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Synthetic biology pioneer to deliver Hall Engineering Lecture Oct. 23


James J. Collins will present his ground-breaking work in synthetic biology as guest speaker in the 2013-2014 John R. and Donna S. Hall Engineering Lecture Series. The Hall Lecture is part of a weeklong series of events commemorating 45 years of biomedical engineering education at Vanderbilt, and the 25th anniversary of the BME department.

The lecture – Life Redesigned:  The Emergence of Synthetic Biology – is Wednesday, Oct. 23 at 3:10 p.m. in Vanderbilt’s Jacob’s Believed in Me Auditorium. A reception will follow. Live video of this event will be streamed on Vanderbilt News (at http://news.vanderbilt.edu). Archived video will be available for viewing after Oct. 25.

James Collins

Collins is Howard Hughes Medical Institute investigator, a William F. Warren Distinguished Professor and professor of biomedical engineering at Boston University, where he is co-director of the Center for BioDynamics. Collins is a core founding faculty member of the Wyss Institute for Biologically Inspired Engineering at Harvard University.

“More than a decade ago, Collins, a decorated scientist at Boston University, helped give birth to synthetic biology, which soon grew into arguably the world’s hottest scientific discipline,” reported Paul Voosen in a 2013 profile of Collins that appeared in The Chronicle of Higher Education.

“Synthetic biology is bringing together engineers and biologists to design and construct biological circuits out of proteins, genes and other bits of DNA, and to use these circuits to rewire and reprogram organisms.  These re-engineered organisms are going to change our lives in the coming years, leading to cheaper drugs, “green” means to fuel our car and clean our environment, and targeted therapies to attack superbugs and diseases such as cancer,” Collins said.

In his lecture, Collins will highlight recent efforts to create synthetic gene networks and programmable cells, and discuss a variety of synthetic biology applications in biocomputing, biotechnology and biomedicine.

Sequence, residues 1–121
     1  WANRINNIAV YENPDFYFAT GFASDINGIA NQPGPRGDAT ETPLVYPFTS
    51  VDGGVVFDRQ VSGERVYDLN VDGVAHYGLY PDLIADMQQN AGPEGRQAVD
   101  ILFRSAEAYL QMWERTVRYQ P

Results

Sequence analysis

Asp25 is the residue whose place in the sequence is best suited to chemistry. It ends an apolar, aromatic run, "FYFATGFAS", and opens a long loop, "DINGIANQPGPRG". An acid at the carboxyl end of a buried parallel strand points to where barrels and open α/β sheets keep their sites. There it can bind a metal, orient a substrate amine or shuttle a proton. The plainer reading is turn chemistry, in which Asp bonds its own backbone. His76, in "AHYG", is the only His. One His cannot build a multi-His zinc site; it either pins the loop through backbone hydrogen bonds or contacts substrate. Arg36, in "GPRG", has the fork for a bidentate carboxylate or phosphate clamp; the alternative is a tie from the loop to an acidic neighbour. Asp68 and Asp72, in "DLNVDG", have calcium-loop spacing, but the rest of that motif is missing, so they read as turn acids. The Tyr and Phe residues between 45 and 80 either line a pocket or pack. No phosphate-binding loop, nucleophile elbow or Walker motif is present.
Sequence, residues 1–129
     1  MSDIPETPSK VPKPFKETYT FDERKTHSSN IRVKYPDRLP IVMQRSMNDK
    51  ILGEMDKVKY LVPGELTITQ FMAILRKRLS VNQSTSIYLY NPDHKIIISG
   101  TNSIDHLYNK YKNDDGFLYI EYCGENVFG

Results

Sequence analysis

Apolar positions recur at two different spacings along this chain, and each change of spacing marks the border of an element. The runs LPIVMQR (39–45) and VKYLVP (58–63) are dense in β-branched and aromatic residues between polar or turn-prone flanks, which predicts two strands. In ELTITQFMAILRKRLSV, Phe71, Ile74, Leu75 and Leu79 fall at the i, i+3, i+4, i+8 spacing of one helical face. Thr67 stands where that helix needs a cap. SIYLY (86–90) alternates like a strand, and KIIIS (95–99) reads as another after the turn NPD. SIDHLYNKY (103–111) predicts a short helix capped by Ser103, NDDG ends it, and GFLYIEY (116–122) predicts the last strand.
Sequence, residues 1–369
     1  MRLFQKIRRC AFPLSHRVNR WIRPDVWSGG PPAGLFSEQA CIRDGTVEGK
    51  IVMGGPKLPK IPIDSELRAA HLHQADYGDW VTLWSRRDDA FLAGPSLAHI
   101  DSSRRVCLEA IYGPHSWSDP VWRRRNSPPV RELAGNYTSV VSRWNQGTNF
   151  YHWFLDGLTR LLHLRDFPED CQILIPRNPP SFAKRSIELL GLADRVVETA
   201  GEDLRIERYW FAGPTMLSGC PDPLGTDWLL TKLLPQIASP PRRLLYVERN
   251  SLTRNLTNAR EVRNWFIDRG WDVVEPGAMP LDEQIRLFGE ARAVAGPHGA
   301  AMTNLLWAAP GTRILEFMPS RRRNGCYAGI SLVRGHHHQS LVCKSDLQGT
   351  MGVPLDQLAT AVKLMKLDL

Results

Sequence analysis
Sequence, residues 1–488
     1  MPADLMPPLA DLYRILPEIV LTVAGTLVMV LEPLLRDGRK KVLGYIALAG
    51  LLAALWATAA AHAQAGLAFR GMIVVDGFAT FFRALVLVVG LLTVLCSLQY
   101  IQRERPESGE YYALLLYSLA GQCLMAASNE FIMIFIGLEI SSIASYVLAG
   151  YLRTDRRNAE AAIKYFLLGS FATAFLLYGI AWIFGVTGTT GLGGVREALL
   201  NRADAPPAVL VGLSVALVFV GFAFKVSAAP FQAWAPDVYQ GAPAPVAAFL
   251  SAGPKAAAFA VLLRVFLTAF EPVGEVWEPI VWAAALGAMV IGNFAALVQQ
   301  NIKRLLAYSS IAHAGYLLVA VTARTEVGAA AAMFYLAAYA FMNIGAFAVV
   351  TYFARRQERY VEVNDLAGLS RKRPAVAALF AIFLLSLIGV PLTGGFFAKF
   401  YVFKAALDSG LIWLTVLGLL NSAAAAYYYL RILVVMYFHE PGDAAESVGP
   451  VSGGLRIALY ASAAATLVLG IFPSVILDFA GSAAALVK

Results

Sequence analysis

Collins’ research group works in synthetic biology and systems biology, with a particular focus on using network biology approaches to study antibiotic action, bacterial defense mechanisms, and the emergence of resistance.  His patented technologies have been licensed by over 25 biotech, pharma and medical devices companies. He has helped launch a number of companies, including Sample6 Technologies and EnBiotix.

Collins’ lab this year published work describing a gene-circuit “breadboard” to make E. coli more modular, making it easier to swap in genetic components than in the past. Future work involves engineering probiotics to fight cholera – supported by a recent grant from the Bill & Melinda Gates Foundation.

Collins is a Rhodes Scholar and the recipient of a MacArthur Fellowship. Other awards include an NIH Director’s Pioneer Award, a Sanofi-Institut Pasteur Award, as well as several teaching awards.  He is a member of the National Academy of Engineering, the Institute of Medicine, and the American Academy of Arts & Sciences, and a charter fellow of the National Academy of Inventors.

Established in 2002, the John R. and Donna S. Hall Engineering Lecture Series allows Vanderbilt engineering students to hear renowned engineers from universities and agencies address engineering topics of particular interest.